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Innovative Historical Ecology Trend Analysis and Interpretation for the Monterey Bay National Marine Sanctuary

Choy, S.J. (March 2011)

A Report to the Marine Conservation Biology Institute; A Product of the Mia J. Tegner Memorial Research Grant in Marine Environmental History and Historical Marine Ecology, 18pp.

EXECUTIVE SUMMARY

Historical information is vital for resource managers and scientists trying to understand how the past has affected the present, and how our actions today may affect the future. However, historical data is not always readily available or organized in such a way that is useful for those trying to benefit from it; therefore, we initiated the Monterey Bay National Marine Sanctuary Historical Ecology Project (Project). There is a wealth of useful historical ecological data pertaining to the Monterey Bay National Marine Sanctuary (Sanctuary or MBNMS), with topics ranging from coastal water quality to demersal fisheries. Given that the theme of the 2009 Sanctuary Currents Symposium (http://montereybay.noaa.gov/research/currsymp2009/welcome.html) was the natural history of the Sanctuary, and recent efforts by Sea Grant Fellows working at the MBNMS resulted in a large database of historical documents, this is an opportune time to more closely examine these data and create a product that can be useful for resource managers, scientists and other interested persons alike.

The Project consisted of two phases. In Phase 1, Selbie (2008) searched Internet and library archives for documents pertaining to the natural history of the Sanctuary. The search resulted in over 300 records that were then entered into the Marine Historical Database (Database), which can be queried with a variety of search tools. Phase 2 of the Project, detailed in this report, provides an example of how historical documents from the Database can be used to analyze ecological trends following methods outlined in Palomares et al. (2005) and Pandolfi et al. (2003). More specifically, anecdotes from which biodiversity and the relative abundance of certain species found in the Sanctuary could be inferred were collected an analyzed. Additionally, the information collected for the analysis portion of Phase 2 was entered into an internet-based interactive timeline (www.sanctuarysimon.org/timeline).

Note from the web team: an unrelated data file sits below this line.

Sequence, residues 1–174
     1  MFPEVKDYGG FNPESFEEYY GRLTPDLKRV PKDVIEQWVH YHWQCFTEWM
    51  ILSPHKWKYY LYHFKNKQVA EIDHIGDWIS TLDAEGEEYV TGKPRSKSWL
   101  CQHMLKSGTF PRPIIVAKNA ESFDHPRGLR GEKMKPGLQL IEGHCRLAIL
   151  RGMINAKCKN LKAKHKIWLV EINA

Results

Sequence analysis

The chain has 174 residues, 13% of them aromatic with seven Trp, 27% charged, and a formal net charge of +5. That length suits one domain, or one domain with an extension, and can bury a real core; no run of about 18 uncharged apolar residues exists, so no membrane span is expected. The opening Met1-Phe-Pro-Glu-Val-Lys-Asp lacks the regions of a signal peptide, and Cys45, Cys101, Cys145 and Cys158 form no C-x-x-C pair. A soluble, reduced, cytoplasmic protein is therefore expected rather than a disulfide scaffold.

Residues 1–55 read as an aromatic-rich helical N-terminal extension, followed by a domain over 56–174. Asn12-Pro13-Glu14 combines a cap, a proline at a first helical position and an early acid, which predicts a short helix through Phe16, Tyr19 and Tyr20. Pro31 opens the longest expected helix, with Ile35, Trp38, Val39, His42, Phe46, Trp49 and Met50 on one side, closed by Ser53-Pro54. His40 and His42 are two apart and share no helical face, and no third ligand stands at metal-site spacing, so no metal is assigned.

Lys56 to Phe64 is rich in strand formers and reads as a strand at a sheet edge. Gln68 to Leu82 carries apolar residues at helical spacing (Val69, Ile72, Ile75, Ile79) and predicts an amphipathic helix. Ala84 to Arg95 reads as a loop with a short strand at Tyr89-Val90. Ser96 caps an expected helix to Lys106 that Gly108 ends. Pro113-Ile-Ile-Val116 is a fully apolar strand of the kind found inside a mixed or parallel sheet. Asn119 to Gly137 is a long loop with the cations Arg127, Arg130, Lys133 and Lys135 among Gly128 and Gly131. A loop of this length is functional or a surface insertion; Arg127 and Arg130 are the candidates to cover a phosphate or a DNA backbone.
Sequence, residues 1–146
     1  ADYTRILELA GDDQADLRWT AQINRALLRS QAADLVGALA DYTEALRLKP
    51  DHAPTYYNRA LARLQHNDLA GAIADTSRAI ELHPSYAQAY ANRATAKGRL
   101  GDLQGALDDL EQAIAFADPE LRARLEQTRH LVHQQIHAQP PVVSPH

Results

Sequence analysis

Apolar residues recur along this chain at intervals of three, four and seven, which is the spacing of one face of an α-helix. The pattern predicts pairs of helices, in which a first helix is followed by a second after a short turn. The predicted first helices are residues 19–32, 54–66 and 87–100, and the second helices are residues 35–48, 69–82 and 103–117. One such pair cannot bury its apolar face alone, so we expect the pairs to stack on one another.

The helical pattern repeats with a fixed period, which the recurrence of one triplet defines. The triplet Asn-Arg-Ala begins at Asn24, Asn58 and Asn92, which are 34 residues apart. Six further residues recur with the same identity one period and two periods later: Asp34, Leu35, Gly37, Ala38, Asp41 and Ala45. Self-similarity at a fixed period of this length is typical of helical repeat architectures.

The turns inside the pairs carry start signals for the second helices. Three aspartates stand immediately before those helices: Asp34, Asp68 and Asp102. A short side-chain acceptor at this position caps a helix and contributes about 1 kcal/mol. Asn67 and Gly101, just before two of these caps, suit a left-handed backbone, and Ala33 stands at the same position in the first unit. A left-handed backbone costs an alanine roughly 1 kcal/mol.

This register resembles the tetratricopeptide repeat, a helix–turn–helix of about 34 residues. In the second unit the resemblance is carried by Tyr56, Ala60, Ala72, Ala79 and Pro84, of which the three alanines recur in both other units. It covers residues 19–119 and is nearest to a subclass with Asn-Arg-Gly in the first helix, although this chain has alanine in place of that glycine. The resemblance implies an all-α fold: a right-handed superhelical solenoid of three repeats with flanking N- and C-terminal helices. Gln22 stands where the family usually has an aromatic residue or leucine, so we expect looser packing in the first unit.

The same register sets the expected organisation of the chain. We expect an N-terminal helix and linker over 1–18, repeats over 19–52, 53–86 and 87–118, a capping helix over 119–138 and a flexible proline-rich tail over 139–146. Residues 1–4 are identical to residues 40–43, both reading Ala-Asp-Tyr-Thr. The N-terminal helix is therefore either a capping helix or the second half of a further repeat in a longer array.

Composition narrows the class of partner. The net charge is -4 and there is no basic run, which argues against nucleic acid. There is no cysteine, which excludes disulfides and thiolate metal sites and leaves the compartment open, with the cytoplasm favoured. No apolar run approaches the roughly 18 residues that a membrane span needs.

The analysis portion of Phase 2 of the Project revealed a general decrease in the perceived abundance of selected marine fauna when compared to the historical record. While data points were limited once the information was filtered, the timing of these declines in perceived abundance appear to match well-documented trends in the Sanctuary's ecological past. The timeline is populated with over 100 clickable buttons which display anecdotes, historical facts, background information that links the people of Monterey Bay with their environment, and in most cases, a photograph.

While the types of analyses performed were not novel, the interpretation of the data using those methods is unique for the Sanctuary. Furthermore, the data analysis portion provided a more tangible link between anthropogenic history, attitudes, perceptions, and the marine environment. The marine historical timeline displays this complex relationship in a way that can be easily accessed and viewed. Everyone, from those interested in learning more about the Sanctuary to scientists and resource managers planning for the future of the MBNMS, can use these data and the timeline to better understand the complexities of human impacts on marine ecosystems and the impacts that marine ecosystems have on humans.

URL: http://montereybay.noaa.gov/research/techreports/trchoy2011.html    Reviewed: March 04, 2014
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